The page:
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(215) 579-9900

219 N Sycamore St.
       Newtown, PA 18940

Dental Implant Failure & Salvage

Preserving Your Restored Smile

Patient smiling after dental implant failure and salvage in Newtown

Dental implants are successful in more than 95% of cases, so you can be confident that your restored smile will last for many years. However, you should still be aware of the small chance that you will face a failed dental implant in Newtown. If you ever believe that something is not quite right with one of your implants, contact us right away. We will do everything we can to get your oral health back on track and allow you to continue enjoying the many benefits of your restored smile.

Why Do Dental Implants Fail?

Illustration of peri-implantitis, a common cause of dental implant failure

The most common reason for dental implant failure is an infection known as peri-implantitis. It occurs when harmful bacteria attack the tissue around an implant, eating away at the gums and bone until the mouth is no longer able to support the implant. Poor oral hygiene is frequently the cause of peri-implantitis, but genetics and other factors can also contribute to it.

Other possible reasons why an implant might fail include:

Symptoms of Failed Dental Implants

Man with mouth pain, experiencing symptoms of dental implant failure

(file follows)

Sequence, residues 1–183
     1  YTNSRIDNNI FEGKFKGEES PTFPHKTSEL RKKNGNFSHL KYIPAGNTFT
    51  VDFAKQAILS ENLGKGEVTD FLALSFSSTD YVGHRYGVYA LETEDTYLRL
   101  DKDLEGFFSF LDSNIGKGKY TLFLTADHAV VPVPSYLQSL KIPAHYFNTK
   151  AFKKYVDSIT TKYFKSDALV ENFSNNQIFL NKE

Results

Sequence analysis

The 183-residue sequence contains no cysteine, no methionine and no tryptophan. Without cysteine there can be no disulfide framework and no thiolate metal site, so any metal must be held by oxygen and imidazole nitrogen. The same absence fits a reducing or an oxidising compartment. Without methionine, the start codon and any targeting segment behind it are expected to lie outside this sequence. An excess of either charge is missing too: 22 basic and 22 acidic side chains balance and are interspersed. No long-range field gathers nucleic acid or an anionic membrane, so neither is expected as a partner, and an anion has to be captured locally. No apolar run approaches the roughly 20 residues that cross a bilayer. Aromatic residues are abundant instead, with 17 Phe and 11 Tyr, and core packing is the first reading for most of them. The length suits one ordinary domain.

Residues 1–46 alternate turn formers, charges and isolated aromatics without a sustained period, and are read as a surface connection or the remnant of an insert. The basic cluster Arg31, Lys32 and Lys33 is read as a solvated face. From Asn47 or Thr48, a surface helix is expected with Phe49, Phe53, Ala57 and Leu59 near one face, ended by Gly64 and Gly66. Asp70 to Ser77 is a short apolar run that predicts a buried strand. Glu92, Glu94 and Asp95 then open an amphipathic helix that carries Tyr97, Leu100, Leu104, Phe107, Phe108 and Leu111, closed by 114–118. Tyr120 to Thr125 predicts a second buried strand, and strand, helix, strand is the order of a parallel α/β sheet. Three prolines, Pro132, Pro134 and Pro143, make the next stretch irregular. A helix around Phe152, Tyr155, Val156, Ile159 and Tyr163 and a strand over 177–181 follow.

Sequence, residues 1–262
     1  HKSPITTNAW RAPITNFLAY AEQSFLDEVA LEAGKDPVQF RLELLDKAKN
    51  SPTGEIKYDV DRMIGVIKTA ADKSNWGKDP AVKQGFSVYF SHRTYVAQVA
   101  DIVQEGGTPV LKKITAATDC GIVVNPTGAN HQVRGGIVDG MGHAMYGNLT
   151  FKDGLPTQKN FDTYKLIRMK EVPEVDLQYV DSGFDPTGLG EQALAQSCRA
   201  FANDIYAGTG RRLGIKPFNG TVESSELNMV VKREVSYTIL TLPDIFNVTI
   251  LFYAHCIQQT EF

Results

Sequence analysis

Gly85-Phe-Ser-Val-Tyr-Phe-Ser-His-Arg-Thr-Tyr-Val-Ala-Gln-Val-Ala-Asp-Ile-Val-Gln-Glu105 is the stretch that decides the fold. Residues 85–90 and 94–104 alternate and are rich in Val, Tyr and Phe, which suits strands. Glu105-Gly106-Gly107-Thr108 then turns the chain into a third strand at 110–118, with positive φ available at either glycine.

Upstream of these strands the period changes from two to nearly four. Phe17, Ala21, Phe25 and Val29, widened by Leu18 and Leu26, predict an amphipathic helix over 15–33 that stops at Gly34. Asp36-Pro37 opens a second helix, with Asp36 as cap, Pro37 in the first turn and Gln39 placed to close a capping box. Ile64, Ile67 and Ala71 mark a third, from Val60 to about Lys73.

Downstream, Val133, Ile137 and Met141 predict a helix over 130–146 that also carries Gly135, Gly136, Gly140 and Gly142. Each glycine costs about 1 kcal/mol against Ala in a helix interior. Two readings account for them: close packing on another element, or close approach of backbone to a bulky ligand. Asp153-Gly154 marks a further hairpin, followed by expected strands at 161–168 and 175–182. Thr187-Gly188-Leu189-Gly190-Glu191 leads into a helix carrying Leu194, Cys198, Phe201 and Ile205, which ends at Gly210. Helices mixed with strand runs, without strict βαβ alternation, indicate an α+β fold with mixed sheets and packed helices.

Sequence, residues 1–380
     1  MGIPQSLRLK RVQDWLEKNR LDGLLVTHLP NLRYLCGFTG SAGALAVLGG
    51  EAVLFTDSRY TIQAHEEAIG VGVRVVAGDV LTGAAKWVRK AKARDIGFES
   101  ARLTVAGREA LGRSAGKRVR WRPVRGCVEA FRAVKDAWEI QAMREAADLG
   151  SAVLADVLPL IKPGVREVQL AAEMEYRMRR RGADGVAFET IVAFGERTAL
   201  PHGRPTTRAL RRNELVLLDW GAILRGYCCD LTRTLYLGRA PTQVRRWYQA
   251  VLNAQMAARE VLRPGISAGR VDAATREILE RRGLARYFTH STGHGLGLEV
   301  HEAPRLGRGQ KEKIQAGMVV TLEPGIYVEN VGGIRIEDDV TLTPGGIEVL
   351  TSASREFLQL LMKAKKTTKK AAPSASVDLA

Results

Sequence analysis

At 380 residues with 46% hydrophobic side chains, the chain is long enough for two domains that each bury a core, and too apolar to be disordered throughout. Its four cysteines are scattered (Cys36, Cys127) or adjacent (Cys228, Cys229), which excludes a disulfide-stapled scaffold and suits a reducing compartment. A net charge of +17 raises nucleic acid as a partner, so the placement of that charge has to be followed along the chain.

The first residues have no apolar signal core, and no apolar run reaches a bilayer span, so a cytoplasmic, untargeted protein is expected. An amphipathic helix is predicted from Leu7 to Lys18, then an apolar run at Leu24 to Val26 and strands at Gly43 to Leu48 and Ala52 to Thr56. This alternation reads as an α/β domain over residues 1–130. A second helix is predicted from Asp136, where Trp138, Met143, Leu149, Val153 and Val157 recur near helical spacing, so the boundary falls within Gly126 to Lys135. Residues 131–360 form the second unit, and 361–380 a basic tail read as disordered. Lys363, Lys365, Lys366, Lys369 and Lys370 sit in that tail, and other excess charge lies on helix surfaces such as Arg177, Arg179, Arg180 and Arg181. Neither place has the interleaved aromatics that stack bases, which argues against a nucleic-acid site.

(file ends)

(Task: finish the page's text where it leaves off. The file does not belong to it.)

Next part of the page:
Dental implant failure can occur at any time. Early failure occurs soon after the initial placement surgery, while late failure can happen years or even decades later. Therefore, it is important that you are always on the lookout for signs of a potential problem.

Here are some indications that all is not well with your implants:

How Dental Implant Salvage Works

Dentist and patient discussing options for dental implant salvage

Seek help as soon as you believe that something is wrong with your dental implants. Delaying care gives the problem the opportunity to worsen. The sooner you are treated, the more likely it is that it will be possible to save your implant.

When you arrive for your appointment, we will examine your mouth and perhaps take some X-Rays. Once we understand the exact nature of the problem, we will be able to recommend a solution. In some cases, something as simple as antibiotics and some adjustments to oral hygiene are all that is necessary.  It is also possible that you need a new restoration.

In other cases, it becomes necessary to remove an implant altogether. Later, after a healing period and some restorative treatments (perhaps including a bone graft), it might be possible to insert a new implant.

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